Powering Up!

Powering Up!

 

7ah at only around twice the size of a 1.3ah SLA is pretty impressive! 

 

Kayak Batteries- SLA vs Lithium

One of the first accessories that many people get for their kayaks- and with good reason- is a fish finder. But what should you be using to power them? There are two main different types of batteries which suit the task, SLA and Lithium, so here’s a few positives and negatives (man would ya look at that pun) for each in the context of offshore kayaking!

It's also worth noting first up that I'm not an electrician, but this fairly basic list of pros, cons and safety should help you get started if you're unsure of what to do! 

 

SLA (Sealed Lead Acid)

These are the perfect battery if your goal is to keep things simple. Their two main attributes are affordability and toughness which means that you don’t have to worry about them too much- a blessing indeed during a big day of fishing. Being sealed, they can handle a few splashes without any major immediate problems, but that’s not to say that it’s a good idea to splash them with saltwater- it will of course cause the terminals and connections to corrode over the course of a few trips. These batteries are usually wired up to the head unit using spade connectors which are very simple to install and if these connectors do corrode they are easy and cheap to replace. One tip when using spade connectors with these batteries is to always unplug them immediately after a paddle- leaving the battery plugged in, especially when wet, accelerates this corrosion.

The primary issue with SLAs is their weight. Especially once these batteries start getting bigger, they can be heavy enough to make moving your kayak around off the water that little bit more difficult.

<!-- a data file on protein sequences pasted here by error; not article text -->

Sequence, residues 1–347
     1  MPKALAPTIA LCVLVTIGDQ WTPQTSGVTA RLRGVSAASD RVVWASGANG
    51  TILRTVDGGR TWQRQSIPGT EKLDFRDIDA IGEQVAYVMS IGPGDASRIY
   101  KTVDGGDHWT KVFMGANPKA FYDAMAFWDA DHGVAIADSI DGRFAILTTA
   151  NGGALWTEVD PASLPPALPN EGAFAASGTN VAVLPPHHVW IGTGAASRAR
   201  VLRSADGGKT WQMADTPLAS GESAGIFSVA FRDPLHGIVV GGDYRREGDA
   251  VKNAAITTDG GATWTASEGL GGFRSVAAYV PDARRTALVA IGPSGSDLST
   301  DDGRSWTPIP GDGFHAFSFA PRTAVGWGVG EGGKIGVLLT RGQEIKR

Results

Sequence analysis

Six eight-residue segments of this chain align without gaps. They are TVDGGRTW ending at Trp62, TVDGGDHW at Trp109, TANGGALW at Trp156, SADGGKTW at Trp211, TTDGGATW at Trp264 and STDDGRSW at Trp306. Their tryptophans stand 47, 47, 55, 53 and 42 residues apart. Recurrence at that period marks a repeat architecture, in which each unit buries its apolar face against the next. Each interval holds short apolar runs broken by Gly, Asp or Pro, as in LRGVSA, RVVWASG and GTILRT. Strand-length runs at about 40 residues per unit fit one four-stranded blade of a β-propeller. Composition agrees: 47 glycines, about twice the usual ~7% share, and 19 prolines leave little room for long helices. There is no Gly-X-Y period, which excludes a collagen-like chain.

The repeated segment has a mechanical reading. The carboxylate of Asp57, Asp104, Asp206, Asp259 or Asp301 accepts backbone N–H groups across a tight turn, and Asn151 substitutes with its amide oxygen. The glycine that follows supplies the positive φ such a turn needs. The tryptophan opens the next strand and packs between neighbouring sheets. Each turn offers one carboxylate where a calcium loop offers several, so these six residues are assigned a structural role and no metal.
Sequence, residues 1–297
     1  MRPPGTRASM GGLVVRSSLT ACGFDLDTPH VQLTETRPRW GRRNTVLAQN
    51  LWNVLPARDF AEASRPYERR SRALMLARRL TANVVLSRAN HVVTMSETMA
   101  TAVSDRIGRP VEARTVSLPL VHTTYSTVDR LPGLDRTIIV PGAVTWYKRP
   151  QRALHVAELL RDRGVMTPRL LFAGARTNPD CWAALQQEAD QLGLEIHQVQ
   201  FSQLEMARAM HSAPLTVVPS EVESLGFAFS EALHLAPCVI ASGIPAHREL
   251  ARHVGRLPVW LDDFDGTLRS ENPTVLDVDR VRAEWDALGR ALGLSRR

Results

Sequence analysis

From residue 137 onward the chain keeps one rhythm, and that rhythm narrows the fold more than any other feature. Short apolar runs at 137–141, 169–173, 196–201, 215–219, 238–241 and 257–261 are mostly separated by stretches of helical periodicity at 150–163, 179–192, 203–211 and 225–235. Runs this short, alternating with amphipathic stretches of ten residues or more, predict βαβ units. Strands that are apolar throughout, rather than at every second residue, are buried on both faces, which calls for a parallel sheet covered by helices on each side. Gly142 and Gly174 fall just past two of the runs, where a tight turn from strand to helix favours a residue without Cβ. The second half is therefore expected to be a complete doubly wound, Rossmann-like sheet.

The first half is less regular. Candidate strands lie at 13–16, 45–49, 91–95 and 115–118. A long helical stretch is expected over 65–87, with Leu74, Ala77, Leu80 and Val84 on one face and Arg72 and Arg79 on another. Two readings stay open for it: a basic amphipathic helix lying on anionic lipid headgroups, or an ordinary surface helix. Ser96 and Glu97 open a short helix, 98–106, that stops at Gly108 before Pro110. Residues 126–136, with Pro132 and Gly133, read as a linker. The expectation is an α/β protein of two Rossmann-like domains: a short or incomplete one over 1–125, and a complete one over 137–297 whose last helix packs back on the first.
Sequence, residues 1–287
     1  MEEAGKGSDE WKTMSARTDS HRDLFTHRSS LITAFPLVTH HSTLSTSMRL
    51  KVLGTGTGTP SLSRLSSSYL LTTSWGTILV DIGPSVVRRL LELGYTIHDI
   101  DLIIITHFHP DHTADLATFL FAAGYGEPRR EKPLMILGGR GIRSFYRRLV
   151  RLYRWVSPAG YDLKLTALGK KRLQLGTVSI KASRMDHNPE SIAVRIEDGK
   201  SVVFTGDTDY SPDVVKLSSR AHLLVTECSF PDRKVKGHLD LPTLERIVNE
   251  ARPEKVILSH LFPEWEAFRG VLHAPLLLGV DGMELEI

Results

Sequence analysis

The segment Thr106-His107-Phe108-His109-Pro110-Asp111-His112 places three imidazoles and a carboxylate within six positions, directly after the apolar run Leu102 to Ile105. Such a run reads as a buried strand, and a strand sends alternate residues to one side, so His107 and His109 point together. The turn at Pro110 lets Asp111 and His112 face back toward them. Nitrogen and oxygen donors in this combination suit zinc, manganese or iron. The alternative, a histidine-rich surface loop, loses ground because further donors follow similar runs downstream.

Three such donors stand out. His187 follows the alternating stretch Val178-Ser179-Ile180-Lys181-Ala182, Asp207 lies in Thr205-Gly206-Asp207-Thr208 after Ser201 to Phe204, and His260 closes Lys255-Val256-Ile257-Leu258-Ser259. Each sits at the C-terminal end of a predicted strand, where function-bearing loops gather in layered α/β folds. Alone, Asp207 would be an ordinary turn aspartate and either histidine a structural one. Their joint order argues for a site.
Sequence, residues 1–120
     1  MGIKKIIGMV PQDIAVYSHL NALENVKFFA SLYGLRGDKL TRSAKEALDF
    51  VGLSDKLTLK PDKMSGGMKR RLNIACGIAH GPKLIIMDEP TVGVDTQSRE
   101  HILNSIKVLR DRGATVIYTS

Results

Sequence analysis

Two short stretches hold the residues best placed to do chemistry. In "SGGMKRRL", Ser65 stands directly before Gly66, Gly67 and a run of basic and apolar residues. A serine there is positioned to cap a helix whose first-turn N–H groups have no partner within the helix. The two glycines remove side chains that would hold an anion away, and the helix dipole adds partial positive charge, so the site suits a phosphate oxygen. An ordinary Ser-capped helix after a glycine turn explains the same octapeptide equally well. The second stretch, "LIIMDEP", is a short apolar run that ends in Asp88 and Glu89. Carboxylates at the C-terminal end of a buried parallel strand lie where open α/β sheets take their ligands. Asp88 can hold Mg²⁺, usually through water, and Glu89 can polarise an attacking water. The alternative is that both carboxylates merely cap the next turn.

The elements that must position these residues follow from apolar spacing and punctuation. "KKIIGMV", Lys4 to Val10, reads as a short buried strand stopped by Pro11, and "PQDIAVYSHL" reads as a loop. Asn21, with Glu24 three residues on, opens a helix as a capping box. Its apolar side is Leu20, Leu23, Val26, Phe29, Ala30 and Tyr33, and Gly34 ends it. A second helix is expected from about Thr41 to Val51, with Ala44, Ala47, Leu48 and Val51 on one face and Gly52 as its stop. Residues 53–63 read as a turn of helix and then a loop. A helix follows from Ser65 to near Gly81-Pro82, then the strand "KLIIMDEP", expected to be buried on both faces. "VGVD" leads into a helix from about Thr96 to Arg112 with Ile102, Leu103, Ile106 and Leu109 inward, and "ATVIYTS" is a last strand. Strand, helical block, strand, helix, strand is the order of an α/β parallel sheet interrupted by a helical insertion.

In smaller sizes their weight won’t present any issues, but little SLAs are only appropriate for 4 inch sounders or less which they usually only power for 4-6 hours. This is all that most paddlers will need for a session but it can be frustrating if you do decide to stay out longer only to have your fishfinder die on you.

A small SLA Like this one, while fairly light and compact, won't power many sounders for long.

 

SLAs also eventually need replacing as they will lose their ability to hold charge slowly over time (don’t worry too much though- they should last for a good few years), but again, they’re inexpensive to replace which understandably outweighs this issue for many people.

 

Lithium Ion

Lithium Ion batteries on the other hand offer very different set of traits. They’re fantastically small and light for the amount of power they put out which makes keeping sounders ticking for ages a breeze. They have the added advantage of lasting a long time and have very little depreciation, but on the downside they can be fragile or even volatile if not looked after/used properly.

The good news is that when lithium batteries are sealed well they retain those advantages while minimising the risk of being damaged. One option here is to make up your own battery case and use separately sourced cells inside, or alternatively some options exist on the market such as FPV power batteries which work well and have a good system for sealing their connections. These come in either a 7ah or a 17.5ah for the bigger sounders and come with chargers as a bonus.

FPV power batteries are a good, easy to use lithium option

 

If lithium batteries come into contact with saltwater however, unlike SLAs they can short out quite violently- if this happens you’re not only likely to kill your battery but they can discharge all of their energy very quickly… sometimes in the form of heating up or catching fire. This certainly presents a safety risk and should factor into your decision.

Lithium batteries do require specific chargers which are generally more expensive, and (IMPORTANT) if any connections aren’t completely dry when charging then short circuiting can occur. It’s also extremely wise to not leave these batteries charging unattended in case their connections aren’t fully dry as they can catch fire if this happens. 

 

To summarise, SLAs are highly dependable and simple to use, whereas Lithiums require a little bit more care and can be dangerous if used improperly but are light, small and will power your sounder for longer. Both have their advantages and disadvantages and each have their place- you just have to choose what’s right for you!

Cheers, 

Owen 

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